A new software developer survey released today shows a broad understanding of the risks involved in using generative AI to support software development projects, but an equally widespread acceptance that the technology has already proved itself as useful. The survey, which was published by GitLab, used the results of 1,001 responses gathered in June 2023. A third of those surveyed were employed in the tech sector directly, with the rest spread across a wide range of business areas, including banking and financial services, telecommunications, and manufacturing.
Customer data protection a key developer concern
Most of those polled said that they had at least one serious concern about the use of generative AI in software development. Seventy-nine percent said that AI tools having access to private information or intellectual property was an issue, largely due to concerns over customer data protection.
“Privacy, security, and intellectual property also emerged as common themes in the obstacles respondents said they have encountered or expect to encounter while implementing AI in the software development lifecycle,” the report said. Nine out of ten respondents said that they heavily consider privacy and intellectual property protection when making decisions on whether to use AI tools.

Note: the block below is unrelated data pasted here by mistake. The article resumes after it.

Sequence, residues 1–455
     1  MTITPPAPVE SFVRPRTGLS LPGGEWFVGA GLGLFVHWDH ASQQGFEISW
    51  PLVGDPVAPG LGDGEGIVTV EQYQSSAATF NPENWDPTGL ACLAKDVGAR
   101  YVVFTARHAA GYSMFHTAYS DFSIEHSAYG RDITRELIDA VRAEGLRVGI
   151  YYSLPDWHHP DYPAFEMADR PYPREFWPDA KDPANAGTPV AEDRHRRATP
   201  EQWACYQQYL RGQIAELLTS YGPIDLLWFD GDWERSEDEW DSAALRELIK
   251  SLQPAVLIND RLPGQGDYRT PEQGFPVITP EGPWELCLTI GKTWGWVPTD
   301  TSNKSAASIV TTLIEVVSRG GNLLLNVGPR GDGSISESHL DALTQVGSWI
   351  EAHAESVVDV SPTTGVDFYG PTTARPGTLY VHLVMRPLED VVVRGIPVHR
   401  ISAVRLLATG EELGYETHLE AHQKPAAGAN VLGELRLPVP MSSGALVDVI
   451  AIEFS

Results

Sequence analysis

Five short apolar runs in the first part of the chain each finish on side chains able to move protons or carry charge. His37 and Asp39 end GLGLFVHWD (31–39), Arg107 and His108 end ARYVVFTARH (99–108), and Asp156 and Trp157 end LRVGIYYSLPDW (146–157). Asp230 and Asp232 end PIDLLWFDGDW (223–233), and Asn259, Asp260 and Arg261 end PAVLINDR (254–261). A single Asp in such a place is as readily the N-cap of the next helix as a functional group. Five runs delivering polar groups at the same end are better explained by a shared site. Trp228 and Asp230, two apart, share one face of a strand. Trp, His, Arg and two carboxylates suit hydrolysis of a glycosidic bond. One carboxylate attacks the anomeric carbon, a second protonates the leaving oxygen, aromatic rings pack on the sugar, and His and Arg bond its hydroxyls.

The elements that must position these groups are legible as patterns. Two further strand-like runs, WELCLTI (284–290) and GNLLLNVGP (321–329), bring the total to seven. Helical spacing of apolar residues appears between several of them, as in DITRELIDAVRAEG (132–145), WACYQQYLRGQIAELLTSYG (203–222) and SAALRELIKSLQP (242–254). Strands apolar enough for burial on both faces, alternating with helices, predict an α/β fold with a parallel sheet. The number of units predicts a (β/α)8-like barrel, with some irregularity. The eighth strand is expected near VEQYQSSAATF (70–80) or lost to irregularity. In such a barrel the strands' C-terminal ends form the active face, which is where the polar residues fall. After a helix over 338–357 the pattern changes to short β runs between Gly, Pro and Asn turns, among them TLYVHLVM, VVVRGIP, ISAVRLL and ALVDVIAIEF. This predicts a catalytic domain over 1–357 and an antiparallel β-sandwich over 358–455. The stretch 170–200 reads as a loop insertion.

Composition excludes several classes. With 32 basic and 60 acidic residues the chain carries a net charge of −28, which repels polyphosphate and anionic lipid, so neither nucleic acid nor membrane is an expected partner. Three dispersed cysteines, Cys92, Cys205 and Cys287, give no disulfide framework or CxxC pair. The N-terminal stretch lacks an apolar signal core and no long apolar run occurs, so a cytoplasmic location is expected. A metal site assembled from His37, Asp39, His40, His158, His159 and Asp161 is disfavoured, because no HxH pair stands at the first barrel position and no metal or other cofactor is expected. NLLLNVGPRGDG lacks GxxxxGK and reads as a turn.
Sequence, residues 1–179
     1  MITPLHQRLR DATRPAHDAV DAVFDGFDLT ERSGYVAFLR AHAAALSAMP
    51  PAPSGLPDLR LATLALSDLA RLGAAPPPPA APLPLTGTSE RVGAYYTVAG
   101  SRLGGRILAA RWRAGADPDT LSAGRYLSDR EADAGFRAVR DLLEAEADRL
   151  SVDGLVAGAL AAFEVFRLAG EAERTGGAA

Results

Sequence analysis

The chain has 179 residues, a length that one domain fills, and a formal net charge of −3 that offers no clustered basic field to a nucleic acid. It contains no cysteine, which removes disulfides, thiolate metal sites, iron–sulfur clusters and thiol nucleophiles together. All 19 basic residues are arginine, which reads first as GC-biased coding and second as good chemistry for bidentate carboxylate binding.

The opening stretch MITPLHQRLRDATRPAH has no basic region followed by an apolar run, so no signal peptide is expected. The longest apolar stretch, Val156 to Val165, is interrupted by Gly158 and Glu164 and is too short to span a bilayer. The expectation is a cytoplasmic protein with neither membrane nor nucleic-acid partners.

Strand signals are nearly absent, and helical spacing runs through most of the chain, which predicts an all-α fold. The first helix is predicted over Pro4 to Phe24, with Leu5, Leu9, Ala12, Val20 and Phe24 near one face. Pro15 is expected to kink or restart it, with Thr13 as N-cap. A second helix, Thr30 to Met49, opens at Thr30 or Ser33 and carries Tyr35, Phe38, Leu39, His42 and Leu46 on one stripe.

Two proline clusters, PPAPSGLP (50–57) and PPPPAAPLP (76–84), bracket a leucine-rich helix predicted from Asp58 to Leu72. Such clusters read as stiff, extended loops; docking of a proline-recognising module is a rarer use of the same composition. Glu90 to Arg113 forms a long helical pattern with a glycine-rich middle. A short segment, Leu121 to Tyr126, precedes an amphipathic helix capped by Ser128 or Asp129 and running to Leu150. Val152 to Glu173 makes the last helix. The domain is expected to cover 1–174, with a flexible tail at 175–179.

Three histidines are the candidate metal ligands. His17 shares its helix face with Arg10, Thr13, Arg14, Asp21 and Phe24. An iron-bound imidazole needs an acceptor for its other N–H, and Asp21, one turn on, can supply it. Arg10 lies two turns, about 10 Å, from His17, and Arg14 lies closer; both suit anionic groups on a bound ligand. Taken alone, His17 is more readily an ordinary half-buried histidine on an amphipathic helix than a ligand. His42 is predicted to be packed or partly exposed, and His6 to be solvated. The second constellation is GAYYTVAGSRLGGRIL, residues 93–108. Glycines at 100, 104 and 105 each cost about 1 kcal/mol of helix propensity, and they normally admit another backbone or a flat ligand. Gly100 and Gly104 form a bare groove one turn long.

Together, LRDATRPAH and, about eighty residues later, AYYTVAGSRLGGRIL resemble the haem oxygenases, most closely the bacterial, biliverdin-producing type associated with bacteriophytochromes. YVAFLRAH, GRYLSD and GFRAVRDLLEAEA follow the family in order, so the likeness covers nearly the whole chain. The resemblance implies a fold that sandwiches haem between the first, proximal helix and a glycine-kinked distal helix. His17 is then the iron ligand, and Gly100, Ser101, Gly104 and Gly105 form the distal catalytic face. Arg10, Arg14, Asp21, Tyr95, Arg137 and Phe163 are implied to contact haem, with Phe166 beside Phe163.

Developers accelerate generative AI adoption
Despite the acknowledged potential downsides, AI is making its way into most development shops, according to the survey. A little less than a quarter of all respondents are already using AI tools for software development, and about two-thirds (64%) said they have plans to adopt it within the next two years. Just 8% said that they have no plans to adopt AI for development, and 1% said they’ve prohibited its use.
The most common use cases for AI in programming are chatbots for natural language help in documentation, as well as automated test generation, both of which were in use by 41% of survey respondents. Developers are also actively using AI to generate summaries of code changes (39%), track machine learning model experiments (38%) and to suggest and generate code (36%).
This, according to GitLab, suggests that actively generating code is far from the only area where AI can add value. Developers reported spending just 25% of their average workday writing code, so AI’s ability to assist with other tasks – whether that’s testing, documentation, maintenance, or vulnerability identification – means that AI tools have a wide range of potential applications in development.